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Stromberg Carlson has made a reputation out of being able to fill customers’ varied product requests

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Sure, Stromberg Carlson Products has a catalog full of offerings. Of course, the company produces a number of quality RVing and camping products that dealers know they can order at any time.
However, as they say on late night TV, “But wait, there’s more.”

Company President Bob Brammer Jr. takes great pride in making his company nimble on its feet. As such, Traverse City, Mich.-based Stromberg Carlson makes it known to customers that if they have an idea for a product or have a specific need for a product that isn’t being met, the company is more than willing to look into producing such a product on its own if it will help customers and can be profitable.

“We make what our customers ask us to make,” Brammer says. “People will pay for good products.”

Happy to Lend A Hand

Outdoor products account for the majority of Stromberg Carlson’s RV business, and the company’s biggest seller is the well-known Lend-a-Hand folding handrail.

“We have about 10 different styles of rails, and each of those is usually offered in multiple colors and finishes,” Brammer says. “As for the Lend-a-Hand, I bet about 80 percent of RV dealers around the country have them in stock and many others
are installed on higher-end units.”

Being able to come up with a new or improved product has proven to be vital to the continued success and growth of Stromberg Carlson, which has a business history stretching as far back as the 1930s and family ownership spanning three generations.

Among the company’s newest products is the Extend-a-Line, a clothesline originally designed to be mounted to 1-inch or 1.5-inch exterior ladders. A family-size model was introduced in 2014 and was
unveiled at the Atlas Show in Niagara Falls, Canada, where it was an immediate success.

“Extend-a-Line was in my brain for over a year because I had a buyer press me to develop something,” Brammer says. “When you have a good relationship with your customers, they come to you and say, ‘We are really frustrated with the supplier; the supplier makes a nice product, but the supplier can’t ship on time, doesn’t support us with marketing money, or is backordered all the time. Can you look at developing something in that line?’”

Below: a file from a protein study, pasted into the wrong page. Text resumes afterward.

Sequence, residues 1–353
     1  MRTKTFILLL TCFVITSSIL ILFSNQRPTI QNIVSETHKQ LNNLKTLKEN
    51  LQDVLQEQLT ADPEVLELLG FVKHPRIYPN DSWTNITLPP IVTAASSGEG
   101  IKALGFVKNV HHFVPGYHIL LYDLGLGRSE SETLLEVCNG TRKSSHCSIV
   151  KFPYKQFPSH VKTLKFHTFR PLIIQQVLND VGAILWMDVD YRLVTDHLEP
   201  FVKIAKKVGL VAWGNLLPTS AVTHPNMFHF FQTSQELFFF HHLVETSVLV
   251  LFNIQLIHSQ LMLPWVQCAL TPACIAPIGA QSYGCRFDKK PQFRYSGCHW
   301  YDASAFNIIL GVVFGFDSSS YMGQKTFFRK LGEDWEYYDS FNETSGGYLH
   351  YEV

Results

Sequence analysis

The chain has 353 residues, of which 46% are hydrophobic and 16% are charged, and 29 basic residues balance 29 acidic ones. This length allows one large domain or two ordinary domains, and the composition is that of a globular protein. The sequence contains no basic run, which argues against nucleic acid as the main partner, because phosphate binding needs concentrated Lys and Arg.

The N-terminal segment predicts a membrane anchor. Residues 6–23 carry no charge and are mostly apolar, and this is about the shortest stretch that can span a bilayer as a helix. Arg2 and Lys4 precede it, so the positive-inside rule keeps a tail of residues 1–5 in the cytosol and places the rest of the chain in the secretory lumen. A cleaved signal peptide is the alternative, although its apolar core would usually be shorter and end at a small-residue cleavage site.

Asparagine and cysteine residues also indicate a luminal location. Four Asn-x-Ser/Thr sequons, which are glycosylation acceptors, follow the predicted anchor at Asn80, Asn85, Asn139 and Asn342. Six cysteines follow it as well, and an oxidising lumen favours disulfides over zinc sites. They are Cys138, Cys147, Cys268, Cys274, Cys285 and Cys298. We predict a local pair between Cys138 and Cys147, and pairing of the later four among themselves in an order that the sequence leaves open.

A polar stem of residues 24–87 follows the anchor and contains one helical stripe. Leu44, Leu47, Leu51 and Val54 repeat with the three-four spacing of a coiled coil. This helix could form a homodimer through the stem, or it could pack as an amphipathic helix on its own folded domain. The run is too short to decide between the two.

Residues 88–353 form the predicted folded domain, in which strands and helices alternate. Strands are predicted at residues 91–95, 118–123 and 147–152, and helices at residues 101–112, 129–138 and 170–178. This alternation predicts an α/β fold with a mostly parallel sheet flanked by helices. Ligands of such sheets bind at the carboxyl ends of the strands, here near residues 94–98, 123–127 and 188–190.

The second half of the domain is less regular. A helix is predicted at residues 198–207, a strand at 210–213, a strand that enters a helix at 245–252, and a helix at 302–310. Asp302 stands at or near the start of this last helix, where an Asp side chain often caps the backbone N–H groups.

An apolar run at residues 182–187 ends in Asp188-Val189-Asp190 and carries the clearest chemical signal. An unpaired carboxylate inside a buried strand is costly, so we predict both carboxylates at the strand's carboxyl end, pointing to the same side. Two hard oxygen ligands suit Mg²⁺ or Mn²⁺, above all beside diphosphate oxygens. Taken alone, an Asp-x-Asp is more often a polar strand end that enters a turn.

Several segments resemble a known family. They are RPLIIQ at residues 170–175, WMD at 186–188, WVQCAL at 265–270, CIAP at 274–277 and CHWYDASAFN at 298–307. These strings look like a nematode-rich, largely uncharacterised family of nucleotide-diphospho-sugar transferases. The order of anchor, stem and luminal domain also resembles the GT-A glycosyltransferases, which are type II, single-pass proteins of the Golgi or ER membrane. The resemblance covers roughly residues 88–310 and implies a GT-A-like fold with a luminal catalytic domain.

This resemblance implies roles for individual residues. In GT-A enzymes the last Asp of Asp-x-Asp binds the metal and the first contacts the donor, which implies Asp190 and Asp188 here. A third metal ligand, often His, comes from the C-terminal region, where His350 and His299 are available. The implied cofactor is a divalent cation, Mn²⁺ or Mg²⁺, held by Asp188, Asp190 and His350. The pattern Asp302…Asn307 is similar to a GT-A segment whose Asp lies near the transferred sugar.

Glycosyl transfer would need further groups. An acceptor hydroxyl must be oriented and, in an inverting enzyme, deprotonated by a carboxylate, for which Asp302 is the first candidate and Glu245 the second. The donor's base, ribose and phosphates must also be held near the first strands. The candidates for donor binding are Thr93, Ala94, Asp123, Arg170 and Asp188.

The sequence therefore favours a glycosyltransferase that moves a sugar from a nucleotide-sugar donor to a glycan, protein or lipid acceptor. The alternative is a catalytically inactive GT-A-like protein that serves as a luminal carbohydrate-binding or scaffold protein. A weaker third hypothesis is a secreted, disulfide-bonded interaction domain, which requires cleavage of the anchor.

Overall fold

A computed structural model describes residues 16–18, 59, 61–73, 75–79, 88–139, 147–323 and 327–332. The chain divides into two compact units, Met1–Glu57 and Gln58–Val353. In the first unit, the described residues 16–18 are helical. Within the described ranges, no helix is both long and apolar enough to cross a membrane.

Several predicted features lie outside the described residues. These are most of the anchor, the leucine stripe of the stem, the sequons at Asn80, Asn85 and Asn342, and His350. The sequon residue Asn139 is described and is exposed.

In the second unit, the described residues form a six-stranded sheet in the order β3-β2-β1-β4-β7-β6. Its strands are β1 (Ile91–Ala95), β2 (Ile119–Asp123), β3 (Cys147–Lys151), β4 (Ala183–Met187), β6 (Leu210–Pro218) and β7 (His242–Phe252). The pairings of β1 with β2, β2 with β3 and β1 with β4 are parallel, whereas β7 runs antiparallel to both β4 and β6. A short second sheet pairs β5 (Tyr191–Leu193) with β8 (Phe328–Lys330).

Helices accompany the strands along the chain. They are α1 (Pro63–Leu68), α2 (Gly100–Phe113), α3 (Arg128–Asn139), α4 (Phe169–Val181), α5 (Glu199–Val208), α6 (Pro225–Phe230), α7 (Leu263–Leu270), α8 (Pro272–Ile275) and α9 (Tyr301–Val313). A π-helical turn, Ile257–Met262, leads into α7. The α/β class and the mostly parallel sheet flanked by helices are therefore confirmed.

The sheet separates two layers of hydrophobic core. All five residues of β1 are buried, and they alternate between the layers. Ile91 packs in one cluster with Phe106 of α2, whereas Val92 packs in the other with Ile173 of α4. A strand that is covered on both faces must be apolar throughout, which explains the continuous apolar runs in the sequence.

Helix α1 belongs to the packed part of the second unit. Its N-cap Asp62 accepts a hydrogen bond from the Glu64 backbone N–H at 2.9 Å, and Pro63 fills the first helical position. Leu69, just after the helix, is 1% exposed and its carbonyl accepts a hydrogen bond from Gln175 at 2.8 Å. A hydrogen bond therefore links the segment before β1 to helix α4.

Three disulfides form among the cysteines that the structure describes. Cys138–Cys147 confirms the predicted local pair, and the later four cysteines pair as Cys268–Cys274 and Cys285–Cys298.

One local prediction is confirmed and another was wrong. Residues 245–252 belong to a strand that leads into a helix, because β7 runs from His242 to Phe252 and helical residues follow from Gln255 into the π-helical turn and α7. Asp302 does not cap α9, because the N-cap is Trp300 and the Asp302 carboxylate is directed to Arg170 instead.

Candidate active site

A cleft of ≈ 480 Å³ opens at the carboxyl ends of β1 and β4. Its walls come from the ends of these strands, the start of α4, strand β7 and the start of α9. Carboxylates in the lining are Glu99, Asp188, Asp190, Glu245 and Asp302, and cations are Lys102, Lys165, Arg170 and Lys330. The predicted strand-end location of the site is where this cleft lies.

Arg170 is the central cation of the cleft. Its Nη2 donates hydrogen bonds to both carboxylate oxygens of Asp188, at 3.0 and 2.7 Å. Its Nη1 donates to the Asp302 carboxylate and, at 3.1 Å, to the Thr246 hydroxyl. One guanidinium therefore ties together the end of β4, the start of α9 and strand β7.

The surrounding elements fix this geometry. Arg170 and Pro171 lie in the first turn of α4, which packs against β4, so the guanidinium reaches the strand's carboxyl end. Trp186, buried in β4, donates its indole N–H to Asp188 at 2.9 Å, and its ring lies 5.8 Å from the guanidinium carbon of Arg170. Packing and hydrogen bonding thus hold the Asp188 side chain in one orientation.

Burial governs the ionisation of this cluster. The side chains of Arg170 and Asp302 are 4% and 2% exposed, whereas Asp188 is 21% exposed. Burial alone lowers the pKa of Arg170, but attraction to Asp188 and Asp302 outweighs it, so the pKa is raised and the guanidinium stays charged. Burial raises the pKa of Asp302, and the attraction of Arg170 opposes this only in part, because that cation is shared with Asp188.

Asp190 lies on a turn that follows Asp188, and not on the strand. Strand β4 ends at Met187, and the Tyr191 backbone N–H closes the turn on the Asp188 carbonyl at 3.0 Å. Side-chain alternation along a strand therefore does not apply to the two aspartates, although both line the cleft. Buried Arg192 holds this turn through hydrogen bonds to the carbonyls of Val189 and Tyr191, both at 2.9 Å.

Brammer and his engineer worked hard to find good ways to install the line on each unit in a quick fashion, how to hold more weight than the other products available, and how to best extend and retract the arms so the clothesline comes off for easy storage.

Stromberg doesn’t disclose sales figures for Extend-a-Line or any Stromberg Carlson products, but Brammer estimates 35 to 40 percent of RV dealers nationwide offer the Extend-a-Line and another 25 to 30 percent will carry the item in the next year or so.

“It usually takes two to three years to get a product into the marketplace,” he says. “We have a lot of dealers who love going to the shows and really want to see new products, but there are other dealers who hold back and want to wait.”

Sales are strong enough that more sizes of Extend-a-Line will be added this year. A smaller version, aimed at couples, was previewed at the 2015 National RV Trade Show in Louisville, Ky. Also showcased was hardware that allows the line to be mounted to posts on the A-frame of a trailer or a bumper in a matter of seconds.